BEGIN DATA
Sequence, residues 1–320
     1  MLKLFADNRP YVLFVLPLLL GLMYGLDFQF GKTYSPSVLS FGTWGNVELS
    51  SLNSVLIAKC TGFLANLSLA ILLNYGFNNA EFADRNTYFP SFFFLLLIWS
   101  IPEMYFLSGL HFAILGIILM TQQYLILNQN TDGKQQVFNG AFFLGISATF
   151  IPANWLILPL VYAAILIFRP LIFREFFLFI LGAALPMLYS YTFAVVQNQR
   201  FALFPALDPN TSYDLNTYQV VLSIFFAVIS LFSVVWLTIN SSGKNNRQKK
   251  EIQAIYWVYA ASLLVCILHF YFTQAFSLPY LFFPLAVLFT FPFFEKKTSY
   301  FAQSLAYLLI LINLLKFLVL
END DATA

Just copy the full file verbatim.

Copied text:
Sequence, residues 1–320
     1  MLKLFADNRP YVLFVLPLLL GLMYGLDFQF GKTYSPSVLS FGTWGNVELS
    51  SLNSVLIAKC TGFLANLSLA ILLNYGFNNA EFADRNTYFP SFFFLLLIWS
   101  IPEMYFLSGL HFAILGIILM TQQYLILNQN TDGKQQVFNG AFFLGISATF
   151  IPANWLILPL VYAAILIFRP LIFREFFLFI LGAALPMLYS YTFAVVQNQR
   201  FALFPALDPN TSYDLNTYQV VLSIFFAVIS LFSVVWLTIN SSGKNNRQKK
   251  EIQAIYWVYA ASLLVCILHF YFTQAFSLPY LFFPLAVLFT FPFFEKKTSY
   301  FAQSLAYLLI LINLLKFLVL